On the other hand, there are also philosophies which postulate that evil just does not exist; it is an illusion. This philosophy is as true as its religious opposite, which recognizes the danger of evil, its life-defeating power, and the unhappiness and suffering it brings. The postulate that evil is an illusion is true in the sense that there is innately only one great creative power. There is union, for all is one in the consciousness of those who have transcended duality.
As is so often true, both of these opposing teachings express great truths, but the exclusiveness with which they are conceived and perpetuated ultimately renders their truth untrue. The denial of evil as a reality leads to wishful thinking, further blindness, and the denial of the self; it decreases rather than increases awareness. A false picture of reality is created — the reality of the present state of humankind.
I recapitulate. To deny evil on humanity’s present plane of consciousness is as unrealistic as to believe that two separate forces exist: one good and one evil. Such a belief implies that the evil force must be destroyed or whisked away, as if anything could be made to disappear in the universe! You must struggle between these two alternatives to find the answers. This lecture is an attempt to help you.
Both views of evil lead to repression; yet acknowledging evil also leads to the possibility of further destructiveness. It might lead to justifying and condoning truly undesirable things, such as self-righteous acting out. In such a case it is the guilt that would be repressed, creating further splitting and duality. Let us now try to find a way to deal with this problem that can avoid either one of these pitfalls. Let us try to reconcile these two general approaches to evil.
You have all experienced how threatened, anxious, and uncomfortable you feel when you are confronted with some of your undesirable attitudes, traits, and characteristics. This reaction must be understood in a much deeper way. Too much is taken for granted and glossed over by simply giving the reaction a name and then letting it go at that.
The meaning of such fearful, uncomfortable, anxious reaction is plainly an expression that says, “Such and such should not exist in me.” All the defenses you have so painstakingly erected serve to protect you not only from the evil of others, but primarily from your own. If you examine the cause each time you feel anxious, you will always find that, in the last analysis, you are apprehensive of your own evil, regardless of how threatening another person or an outside event appears. If you then translate this anxiety into clear-cut words, thus verbalizing your inner thought that certain attitudes or feelings “should not exist in me,” you can then confront your attitude toward evil in a much better way. For the evil itself is not half as damaging as your attitude to it. We shall come back to this later.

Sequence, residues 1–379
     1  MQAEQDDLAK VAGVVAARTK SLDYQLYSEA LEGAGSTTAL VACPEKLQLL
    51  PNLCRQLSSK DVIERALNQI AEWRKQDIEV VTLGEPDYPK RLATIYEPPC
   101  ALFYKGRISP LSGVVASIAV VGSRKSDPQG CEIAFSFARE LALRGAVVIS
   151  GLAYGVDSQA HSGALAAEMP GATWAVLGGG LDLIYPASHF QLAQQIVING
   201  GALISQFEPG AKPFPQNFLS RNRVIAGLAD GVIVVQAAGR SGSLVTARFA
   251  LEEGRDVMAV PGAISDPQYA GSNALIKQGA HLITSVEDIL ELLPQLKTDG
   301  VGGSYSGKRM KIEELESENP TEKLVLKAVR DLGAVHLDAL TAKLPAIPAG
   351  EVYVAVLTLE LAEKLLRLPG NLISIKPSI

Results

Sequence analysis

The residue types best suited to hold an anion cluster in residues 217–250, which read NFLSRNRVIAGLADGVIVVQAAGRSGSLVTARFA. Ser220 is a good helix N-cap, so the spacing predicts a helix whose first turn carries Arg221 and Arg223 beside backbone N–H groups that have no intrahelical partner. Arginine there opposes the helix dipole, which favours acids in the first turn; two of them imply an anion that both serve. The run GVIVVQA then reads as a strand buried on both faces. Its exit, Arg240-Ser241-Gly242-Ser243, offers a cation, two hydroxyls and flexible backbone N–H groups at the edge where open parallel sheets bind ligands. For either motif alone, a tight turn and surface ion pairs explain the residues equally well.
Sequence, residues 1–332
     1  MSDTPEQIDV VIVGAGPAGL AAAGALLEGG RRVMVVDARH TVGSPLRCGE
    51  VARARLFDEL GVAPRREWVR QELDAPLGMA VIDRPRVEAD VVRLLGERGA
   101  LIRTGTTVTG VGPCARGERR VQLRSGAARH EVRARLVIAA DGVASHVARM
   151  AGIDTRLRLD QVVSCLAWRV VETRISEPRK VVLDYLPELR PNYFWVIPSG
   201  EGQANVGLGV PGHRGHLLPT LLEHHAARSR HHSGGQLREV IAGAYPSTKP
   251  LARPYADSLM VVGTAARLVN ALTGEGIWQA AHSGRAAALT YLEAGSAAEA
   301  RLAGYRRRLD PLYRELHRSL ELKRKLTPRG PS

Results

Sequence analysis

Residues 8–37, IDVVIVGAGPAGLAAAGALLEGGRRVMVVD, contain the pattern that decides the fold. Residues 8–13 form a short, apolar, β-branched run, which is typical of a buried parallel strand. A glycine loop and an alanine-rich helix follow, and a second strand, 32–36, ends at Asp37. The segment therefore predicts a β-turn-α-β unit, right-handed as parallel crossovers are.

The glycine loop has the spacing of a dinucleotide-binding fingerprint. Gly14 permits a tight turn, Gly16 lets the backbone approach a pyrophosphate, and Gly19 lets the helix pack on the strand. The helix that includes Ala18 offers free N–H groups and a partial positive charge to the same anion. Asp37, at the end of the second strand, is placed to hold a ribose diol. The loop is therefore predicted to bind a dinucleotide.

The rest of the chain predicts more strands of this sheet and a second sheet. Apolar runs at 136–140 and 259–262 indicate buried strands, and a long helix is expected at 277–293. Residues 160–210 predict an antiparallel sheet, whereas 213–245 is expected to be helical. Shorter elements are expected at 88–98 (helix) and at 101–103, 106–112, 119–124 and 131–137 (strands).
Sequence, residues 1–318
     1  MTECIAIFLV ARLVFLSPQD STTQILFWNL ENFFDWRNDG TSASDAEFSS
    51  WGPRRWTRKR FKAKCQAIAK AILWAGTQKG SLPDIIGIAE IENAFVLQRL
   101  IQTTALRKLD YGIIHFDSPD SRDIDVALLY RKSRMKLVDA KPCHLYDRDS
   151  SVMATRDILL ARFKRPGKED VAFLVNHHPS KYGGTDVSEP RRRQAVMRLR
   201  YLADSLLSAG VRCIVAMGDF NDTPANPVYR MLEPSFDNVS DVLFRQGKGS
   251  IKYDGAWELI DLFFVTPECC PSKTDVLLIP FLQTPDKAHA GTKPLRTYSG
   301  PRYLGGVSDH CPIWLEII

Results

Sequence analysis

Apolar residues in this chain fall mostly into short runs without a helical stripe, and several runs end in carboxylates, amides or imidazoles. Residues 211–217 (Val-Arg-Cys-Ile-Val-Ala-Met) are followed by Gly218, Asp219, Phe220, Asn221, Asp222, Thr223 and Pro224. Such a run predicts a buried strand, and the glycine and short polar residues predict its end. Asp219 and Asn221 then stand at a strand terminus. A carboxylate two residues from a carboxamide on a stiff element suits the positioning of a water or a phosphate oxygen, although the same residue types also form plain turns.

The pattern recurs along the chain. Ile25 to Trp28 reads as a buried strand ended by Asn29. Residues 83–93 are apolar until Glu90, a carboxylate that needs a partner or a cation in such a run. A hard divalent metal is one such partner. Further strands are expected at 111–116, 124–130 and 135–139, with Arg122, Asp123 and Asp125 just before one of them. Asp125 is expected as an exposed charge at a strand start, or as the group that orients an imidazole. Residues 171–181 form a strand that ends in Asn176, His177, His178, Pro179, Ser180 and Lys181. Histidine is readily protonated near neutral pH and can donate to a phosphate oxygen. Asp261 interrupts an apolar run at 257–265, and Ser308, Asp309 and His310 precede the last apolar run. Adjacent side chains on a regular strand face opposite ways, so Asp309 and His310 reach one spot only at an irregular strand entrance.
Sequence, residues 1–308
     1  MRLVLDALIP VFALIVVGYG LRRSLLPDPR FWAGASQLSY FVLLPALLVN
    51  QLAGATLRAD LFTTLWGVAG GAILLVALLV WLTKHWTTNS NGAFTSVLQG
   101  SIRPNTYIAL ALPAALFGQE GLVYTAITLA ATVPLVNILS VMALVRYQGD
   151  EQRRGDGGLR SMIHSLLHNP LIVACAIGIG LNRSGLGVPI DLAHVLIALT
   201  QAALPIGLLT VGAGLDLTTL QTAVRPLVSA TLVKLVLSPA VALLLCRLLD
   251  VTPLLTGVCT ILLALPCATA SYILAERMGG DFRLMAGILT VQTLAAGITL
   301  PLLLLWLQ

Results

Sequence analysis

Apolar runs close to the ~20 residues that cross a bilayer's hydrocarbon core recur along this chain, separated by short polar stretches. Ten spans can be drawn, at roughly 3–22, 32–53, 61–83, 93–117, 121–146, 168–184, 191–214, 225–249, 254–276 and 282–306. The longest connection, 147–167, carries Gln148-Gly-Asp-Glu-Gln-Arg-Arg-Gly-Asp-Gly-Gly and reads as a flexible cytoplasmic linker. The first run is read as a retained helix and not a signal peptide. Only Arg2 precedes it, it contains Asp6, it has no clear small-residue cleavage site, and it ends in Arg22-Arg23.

From now on, instead of habitually evading, which breeds emotional illness, problems, and suffering, catch your fear and the thought behind the fear: “I should not be that way.” If this fear is ignored, the problem becomes worse.
Our aim on this path is precisely the knowing and acceptance of the evil. The word “acceptance” has been used a great deal for lack of a better one, but the meaning often gets lost behind the word, so we must pay more attention to how this acceptance comes about. For only when acceptance occurs in the right way can evil be incorporated and re-formed in the truest sense of the word. You can then transform a force that has gone awry. Most human beings totally forget or ignore the fact that what is worst in them is essentially highly desirable creative power and universal flow and energy. Only when you truly realize this, my friends, will you learn to cope with every aspect of yourself.